When the government released the new MyPlate image this summer, the message seemed simple enough.
Fill half your plate with fruits and vegetables, make one-quarter of it grains such as rice or pasta, and the rest should be protein-rich foods such as lean meat, poultry, seafood or eggs.
The main points are clear, but there's still a lot of confusion about some of the specifics, especially about how to eat more whole grains and what qualifies as a lean-protein food, says Elizabeth Ward, a registered dietitian in Boston, nutrition blogger at food.usatoday.com and author of a new book, MyPlate for Moms, How to Feed Yourself & Your Family Better (Loughin Press, $15.95).
Here are some of her suggestions for meeting the MyPlate (choosemyplate.gov) recommendations as well as the federal dietary guidelines:
- Try to select protein-rich foods that deliver a lot of nutrients for the calories. Consider salmon, tuna, skinless chicken breast, turkey, pork tenderloin, beans and eggs, she says. Americans eat an average of 3 ounces of seafood a week, but adults should consume at least 8 ounces a week, so try to serve fish at least twice a week, Ward says. Don't skimp on the protein, because research shows that it helps you stay full longer and keeps hunger at bay, she says.
- Beef up your bean intake. Beans and peas, including kidney beans, pinto beans, black beans, garbanzo beans (chickpeas), lima beans, black-eyed peas, split peas and lentils, can be considered either a vegetable or a protein food, Ward says.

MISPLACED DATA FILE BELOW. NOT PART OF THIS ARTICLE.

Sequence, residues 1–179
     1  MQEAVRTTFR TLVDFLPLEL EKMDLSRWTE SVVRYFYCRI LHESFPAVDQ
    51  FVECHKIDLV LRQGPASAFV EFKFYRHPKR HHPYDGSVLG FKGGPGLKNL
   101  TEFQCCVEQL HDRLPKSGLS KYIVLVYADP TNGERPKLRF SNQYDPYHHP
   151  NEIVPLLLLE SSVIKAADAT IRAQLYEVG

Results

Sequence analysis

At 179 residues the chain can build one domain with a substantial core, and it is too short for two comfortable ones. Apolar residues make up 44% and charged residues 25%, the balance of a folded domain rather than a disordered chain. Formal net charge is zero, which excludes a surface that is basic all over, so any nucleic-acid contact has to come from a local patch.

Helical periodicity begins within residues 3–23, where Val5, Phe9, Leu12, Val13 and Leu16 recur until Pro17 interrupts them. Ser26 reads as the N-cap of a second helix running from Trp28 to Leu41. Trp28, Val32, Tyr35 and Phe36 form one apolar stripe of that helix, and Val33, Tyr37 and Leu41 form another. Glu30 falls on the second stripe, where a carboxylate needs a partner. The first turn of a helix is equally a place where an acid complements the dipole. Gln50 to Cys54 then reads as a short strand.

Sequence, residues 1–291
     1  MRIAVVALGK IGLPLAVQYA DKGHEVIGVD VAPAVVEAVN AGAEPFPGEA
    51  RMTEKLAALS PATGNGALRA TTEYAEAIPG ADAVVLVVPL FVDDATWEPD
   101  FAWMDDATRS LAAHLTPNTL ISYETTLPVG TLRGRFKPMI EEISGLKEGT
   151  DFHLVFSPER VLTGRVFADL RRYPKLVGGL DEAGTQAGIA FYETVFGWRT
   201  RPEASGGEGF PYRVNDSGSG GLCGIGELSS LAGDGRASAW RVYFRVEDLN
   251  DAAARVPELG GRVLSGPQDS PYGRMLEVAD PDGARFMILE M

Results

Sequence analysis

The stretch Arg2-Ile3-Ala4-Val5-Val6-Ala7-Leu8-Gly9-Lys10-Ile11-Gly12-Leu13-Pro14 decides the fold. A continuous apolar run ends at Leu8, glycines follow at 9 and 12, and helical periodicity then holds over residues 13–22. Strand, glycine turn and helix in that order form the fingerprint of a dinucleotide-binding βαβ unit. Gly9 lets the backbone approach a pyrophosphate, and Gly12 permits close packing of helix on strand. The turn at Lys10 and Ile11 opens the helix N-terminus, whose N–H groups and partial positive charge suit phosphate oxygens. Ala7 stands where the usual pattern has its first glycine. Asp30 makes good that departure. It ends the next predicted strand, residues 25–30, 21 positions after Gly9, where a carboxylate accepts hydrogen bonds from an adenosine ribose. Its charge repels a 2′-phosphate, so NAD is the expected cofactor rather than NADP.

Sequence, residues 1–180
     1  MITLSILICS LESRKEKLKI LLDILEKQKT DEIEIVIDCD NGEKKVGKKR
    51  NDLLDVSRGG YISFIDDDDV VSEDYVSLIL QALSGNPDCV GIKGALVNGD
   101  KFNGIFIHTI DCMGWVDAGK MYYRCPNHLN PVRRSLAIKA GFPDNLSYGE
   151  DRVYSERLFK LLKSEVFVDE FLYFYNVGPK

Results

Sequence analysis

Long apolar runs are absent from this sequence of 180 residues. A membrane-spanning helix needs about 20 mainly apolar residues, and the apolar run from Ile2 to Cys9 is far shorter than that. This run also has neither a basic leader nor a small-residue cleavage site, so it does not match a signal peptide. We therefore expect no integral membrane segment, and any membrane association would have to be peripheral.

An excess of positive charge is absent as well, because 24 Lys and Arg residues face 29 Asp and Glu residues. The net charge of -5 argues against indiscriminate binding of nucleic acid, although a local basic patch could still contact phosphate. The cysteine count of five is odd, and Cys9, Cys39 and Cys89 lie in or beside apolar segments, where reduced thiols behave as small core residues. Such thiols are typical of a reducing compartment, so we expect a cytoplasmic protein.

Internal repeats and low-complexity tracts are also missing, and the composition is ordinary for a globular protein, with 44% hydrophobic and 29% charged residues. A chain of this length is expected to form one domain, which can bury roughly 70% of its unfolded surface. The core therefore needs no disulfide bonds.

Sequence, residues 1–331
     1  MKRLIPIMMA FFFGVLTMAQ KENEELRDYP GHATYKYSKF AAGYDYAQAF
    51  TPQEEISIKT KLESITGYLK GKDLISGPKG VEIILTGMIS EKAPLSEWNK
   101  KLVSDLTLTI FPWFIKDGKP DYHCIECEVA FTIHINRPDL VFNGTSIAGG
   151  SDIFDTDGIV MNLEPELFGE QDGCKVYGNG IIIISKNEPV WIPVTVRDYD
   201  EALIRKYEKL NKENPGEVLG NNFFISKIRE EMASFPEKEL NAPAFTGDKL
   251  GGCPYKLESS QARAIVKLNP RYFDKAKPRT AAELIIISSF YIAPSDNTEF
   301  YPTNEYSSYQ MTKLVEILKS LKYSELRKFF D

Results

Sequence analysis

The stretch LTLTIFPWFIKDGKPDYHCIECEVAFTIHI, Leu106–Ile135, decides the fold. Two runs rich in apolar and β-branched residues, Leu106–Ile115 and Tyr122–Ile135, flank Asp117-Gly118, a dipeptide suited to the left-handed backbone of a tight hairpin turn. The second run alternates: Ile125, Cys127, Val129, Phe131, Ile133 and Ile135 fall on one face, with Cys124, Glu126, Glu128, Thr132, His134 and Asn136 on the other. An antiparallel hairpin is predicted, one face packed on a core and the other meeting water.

Generally, people who eat meat, poultry and fish regularly would count beans and peas as vegetables, Ward says. But vegetarians tend to count some of the beans and peas they eat as a protein food.
- Try new whole grains. Most people eat the same side dishes over and over and don't give new foods a try, she says. Half the grains you eat are supposed to be whole grains, Ward says.
Foods are considered whole grains when the following terms are listed first on the ingredient list: whole wheat, brown rice, bulgur, oatmeal, rolled oats, whole oats, whole-grain barley, wild rice, buckwheat, quinoa or millet, she says.
But don't be intimidated by those, she says. "There are some quick-cooking whole-grain products at the grocery store that are ready in minutes."
By Nanci Hellmich